I had this idea for a science fiction setting. I didn't have a plot, just a sort of situation based on something we all have to deal with these days--the price of gas. But I didn't know what I wanted to do with it. I just knew I wanted it to be a short story.
Then, the idea came to me. It's a western. To be precise, it's a western revenge story. And like most science fiction, it takes place in the future.
So I started writing it . . . in dialect. I know--dialect is a hard sell. I tried to stop myself. I wrote out the first paragraph in a nice, sane third person. Then, I wrote out the paragraph again in dialect reminiscent of Huckleberry Finn, albeit with more readable spelling. And I kept writing . . . and writing . . . and writing. 2000 words went by. I still ain't done.
Oops! The dialect keeps leaking out.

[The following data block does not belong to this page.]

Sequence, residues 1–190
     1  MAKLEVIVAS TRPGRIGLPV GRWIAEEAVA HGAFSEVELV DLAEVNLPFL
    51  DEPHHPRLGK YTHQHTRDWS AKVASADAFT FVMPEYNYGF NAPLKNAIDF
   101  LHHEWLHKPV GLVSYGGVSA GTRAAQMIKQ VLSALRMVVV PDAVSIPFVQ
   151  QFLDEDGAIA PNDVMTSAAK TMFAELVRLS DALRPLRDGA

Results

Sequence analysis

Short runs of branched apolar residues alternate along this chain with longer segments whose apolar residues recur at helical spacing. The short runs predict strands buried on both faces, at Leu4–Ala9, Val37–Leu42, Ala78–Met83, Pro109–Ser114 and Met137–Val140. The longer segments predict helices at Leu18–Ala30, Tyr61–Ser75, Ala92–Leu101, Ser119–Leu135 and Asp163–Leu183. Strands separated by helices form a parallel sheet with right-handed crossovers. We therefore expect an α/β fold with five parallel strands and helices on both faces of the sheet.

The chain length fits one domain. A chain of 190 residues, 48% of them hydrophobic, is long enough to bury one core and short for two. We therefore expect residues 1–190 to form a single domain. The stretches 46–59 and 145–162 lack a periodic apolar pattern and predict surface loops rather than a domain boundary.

I figured that if Lisa Shearin can get away with having a modern sounding Medieval elf, and if Naomi Novik can get away with having a Napoleonic Air Force composed of dragons, maybe I can get away with down-home cowboys 200 years in the future.
My protagonist is a hot-tempered 18 year old boy, hence the above picture of Billy the Kid. I've never written from such a point of view in my life. I hope I can pull it off.
And in honor of an old fix-er-upper muscle car that my husband used to have, a 1967 Chevelle is part of it.
I might even make it candy-apple red, just because it looks so danged good in this picture. (And no, my husband's Chevelle never looked this good.)
Huh? you might ask? A 1960s muscle car in a western revenge story? That takes place in the future?
As you can probably tell, it's been a lot of fun. If nothing else, it should stand out from the stack of submissions that day due to its sheer strangeness.
* * *
I'm going to try to get another "MS Word For the Novelist" article out before the end of the weekend.